Working time preferences among women: challenging assumptions on underemployment, work centrality and work life balance


This research examines the working time preferences of women with different stable schedules working 20 hours per week in manufacturing jobs. To this end, qualitative research was employed to identify worker profiles deriving from these women’s working time preferences and the reasons for them. Our findings contribute to nuances in previous research by highlighting that: (1) some, but not all, of these employees can be considered underemployed; (2) working 20 hours per week does not equate to low work centrality and is compatible with working hours being experienced as meaningful; (3) some part‐time women workers want to preserve time for non‐caring, non‐working activities in spite of the low salary.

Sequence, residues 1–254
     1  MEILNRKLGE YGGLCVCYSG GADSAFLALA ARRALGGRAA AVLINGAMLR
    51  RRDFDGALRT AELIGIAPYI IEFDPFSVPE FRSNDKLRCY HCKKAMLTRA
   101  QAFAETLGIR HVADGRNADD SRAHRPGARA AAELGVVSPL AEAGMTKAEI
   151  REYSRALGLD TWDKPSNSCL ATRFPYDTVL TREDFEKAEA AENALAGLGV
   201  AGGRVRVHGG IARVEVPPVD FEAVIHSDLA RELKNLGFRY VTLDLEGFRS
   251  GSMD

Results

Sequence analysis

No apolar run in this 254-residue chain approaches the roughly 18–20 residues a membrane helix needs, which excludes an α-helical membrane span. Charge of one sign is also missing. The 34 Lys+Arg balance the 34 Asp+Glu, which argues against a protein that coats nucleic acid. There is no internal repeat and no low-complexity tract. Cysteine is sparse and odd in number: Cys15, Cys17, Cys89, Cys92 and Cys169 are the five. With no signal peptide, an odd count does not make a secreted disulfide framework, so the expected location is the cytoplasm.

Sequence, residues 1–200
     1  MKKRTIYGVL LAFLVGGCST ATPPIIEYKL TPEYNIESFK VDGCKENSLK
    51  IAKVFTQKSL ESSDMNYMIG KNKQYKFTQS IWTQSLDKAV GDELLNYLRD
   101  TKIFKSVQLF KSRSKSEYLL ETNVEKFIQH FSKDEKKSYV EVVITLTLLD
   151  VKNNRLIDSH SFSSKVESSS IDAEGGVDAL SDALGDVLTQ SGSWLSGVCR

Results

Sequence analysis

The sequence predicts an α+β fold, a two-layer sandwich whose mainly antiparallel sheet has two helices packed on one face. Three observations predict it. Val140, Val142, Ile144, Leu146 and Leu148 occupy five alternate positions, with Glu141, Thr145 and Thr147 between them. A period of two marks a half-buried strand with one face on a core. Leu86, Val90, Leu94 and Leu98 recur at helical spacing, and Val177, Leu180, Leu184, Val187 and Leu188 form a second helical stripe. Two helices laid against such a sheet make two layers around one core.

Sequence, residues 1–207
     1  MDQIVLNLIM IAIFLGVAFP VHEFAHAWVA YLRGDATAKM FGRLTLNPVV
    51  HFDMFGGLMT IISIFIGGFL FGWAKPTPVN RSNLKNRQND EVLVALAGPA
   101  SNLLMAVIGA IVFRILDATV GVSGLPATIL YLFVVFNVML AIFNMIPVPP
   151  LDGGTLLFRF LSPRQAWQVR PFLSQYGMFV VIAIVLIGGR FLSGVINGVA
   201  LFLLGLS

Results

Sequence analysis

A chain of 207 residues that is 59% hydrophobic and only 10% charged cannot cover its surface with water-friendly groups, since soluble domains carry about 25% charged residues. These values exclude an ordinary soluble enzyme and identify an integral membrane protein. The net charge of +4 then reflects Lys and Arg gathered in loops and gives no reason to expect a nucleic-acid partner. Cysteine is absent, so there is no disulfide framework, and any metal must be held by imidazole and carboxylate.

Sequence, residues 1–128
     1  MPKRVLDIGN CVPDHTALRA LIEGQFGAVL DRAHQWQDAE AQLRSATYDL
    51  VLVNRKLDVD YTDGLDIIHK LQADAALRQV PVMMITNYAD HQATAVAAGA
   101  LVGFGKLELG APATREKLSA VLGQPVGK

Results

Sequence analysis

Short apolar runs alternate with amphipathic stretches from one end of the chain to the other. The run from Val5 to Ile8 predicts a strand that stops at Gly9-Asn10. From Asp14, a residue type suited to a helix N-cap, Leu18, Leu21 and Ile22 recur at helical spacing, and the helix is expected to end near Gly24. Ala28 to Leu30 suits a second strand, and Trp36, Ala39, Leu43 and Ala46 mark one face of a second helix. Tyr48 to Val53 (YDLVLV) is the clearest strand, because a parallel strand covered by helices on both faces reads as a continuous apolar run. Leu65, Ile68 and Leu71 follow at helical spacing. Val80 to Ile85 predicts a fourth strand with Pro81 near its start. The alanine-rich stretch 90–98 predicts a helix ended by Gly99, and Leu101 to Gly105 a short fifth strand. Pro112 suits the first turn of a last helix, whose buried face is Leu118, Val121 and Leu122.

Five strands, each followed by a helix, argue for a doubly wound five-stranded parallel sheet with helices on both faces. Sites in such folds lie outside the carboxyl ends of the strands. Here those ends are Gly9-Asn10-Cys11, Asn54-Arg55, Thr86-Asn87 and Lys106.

International Labour Review

Online appendix

The online appendix contains an extension of the procedures and results presented in the paper.